Solar, Wind Adoption Led to Measurable Public Health, Economic Benefits: Report

Lawrence Berkeley National Laboratory (LBNL) researchers have found quantifiable public health and economic benefits of accelerated adoption of solar and wind energy in the U.S. from 2019 to 2022, underscoring the economic and social importance of decarbonization.

In a new approach that assessed wind and solar energy benefits beyond their generation costs, subsidies, and electricity market value, LBNL researchers used publicly available data to determine more than three times higher societal costs of transitioning to cleaner energy.

In the recently published study in the Cell Press journal, the researchers said wind and solar power reduced CO₂ emissions by 900 million metric tons and SO₂ and NOₓ emissions by 1 million metric tons.

These reductions translated to $249 billion in climate and health benefits from 2019 to 2022. The average climate and health benefits were $143/MWh for wind and $100/MWh for solar in 2022.

In addition to renewables displacing 0.89 MWh of fossil generation per MWh of wind and 0.76 MWh per MWh of solar generation, researchers also found that wind and solar generation led to 1,200 to 1,600 fewer premature mortalities in 2022.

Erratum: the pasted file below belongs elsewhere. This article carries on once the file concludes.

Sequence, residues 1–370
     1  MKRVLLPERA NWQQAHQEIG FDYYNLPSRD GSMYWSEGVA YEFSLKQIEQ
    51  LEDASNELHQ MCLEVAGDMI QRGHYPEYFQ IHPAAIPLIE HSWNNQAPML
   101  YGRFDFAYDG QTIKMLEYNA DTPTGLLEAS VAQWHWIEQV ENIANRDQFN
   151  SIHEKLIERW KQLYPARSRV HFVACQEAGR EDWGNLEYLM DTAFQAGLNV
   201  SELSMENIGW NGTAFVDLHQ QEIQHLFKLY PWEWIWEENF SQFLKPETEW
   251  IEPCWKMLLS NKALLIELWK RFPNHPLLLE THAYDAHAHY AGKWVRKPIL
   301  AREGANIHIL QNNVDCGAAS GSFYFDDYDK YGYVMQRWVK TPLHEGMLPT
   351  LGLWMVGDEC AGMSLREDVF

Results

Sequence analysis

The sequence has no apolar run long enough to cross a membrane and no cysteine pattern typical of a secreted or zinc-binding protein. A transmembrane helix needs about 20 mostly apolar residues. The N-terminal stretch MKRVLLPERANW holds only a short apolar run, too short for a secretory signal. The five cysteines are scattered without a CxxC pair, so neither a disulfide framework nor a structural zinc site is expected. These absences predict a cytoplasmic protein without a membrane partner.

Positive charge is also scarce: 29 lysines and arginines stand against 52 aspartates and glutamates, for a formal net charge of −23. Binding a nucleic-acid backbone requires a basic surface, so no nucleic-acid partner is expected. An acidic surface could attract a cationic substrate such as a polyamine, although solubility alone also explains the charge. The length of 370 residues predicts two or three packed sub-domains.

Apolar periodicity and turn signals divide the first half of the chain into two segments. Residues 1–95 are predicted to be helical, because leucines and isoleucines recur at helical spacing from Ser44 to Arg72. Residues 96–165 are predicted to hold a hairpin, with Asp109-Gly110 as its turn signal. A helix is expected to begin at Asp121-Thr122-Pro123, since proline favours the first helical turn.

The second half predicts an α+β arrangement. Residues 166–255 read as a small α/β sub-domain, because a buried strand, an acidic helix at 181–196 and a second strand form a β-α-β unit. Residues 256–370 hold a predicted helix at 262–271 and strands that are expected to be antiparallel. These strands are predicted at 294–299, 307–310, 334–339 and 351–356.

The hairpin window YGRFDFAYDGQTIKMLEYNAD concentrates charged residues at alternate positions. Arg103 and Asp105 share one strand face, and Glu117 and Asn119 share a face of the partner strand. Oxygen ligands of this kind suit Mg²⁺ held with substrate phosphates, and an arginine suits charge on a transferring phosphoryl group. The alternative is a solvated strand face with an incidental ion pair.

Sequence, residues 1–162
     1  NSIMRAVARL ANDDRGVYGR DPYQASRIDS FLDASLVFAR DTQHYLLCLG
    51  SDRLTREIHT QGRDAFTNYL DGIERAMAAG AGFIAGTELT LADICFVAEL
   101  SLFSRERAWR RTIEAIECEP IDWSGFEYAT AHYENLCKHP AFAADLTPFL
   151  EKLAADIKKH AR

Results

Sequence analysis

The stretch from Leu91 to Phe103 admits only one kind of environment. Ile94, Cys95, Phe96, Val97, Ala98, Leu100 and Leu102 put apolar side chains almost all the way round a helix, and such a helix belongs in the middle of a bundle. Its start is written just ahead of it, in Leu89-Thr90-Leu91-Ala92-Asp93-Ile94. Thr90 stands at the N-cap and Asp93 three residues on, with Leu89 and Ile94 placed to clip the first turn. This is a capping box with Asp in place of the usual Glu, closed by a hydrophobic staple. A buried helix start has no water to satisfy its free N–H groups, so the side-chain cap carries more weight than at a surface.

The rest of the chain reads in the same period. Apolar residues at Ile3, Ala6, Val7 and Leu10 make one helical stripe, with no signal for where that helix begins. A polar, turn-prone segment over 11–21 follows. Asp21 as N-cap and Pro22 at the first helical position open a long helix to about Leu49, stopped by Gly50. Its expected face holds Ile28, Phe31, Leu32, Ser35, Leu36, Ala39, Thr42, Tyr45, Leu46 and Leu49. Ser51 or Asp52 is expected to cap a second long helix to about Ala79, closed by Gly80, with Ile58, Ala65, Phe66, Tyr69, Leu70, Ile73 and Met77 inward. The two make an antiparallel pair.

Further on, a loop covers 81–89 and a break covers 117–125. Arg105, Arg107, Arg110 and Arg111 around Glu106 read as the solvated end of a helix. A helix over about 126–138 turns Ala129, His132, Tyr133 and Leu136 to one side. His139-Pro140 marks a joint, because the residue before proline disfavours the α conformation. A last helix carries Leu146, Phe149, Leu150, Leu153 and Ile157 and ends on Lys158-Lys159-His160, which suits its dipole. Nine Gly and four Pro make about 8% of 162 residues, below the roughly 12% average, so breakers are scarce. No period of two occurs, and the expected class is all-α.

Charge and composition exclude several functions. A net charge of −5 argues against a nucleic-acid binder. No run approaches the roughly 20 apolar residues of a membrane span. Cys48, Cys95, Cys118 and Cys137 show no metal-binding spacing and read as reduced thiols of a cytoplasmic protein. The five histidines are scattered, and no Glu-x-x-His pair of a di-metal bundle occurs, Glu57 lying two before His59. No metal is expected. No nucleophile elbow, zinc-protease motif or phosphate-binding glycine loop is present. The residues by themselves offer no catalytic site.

The study found that 1 MWh of wind generation offsets 0.89 MWh of fossil generation (0.29 MWh of coal and 0.60 MWh of gas generation), and 1 MWh of solar generation offsets 0.76 MWh of fossil generation (0.14 MWh of coal and 0.62 MWh of gas generation).

The study said that if they accounted for the solar energy shifted in time through storage, the solar emission benefits would be larger.

“In 2022, we could calculate an upper bound of this effect by assuming all early-evening (4 pm through 9 pm, Pacific Standard Time) battery discharge derived from stored solar energy. Battery discharge during this time period amounted to 5% of total solar output in 2022, indicating that batteries still have a minimal impact on total solar emission impacts. With continued storage deployment, this issue is likely to become more prominent in future years,” it said.

Though earlier studies demonstrated that wind and solar generation provide substantial health and climate benefits, this research provides an update by accounting for recent changes in the electricity system (including the continued growth of wind and solar to provide over 30% of total generation in some regions).

The U.S. added a record 42 GW of renewable energy capacity in 2023. The International Energy Agency estimated that the cumulative global capacity of renewables will touch 7.3 TW by 2028.

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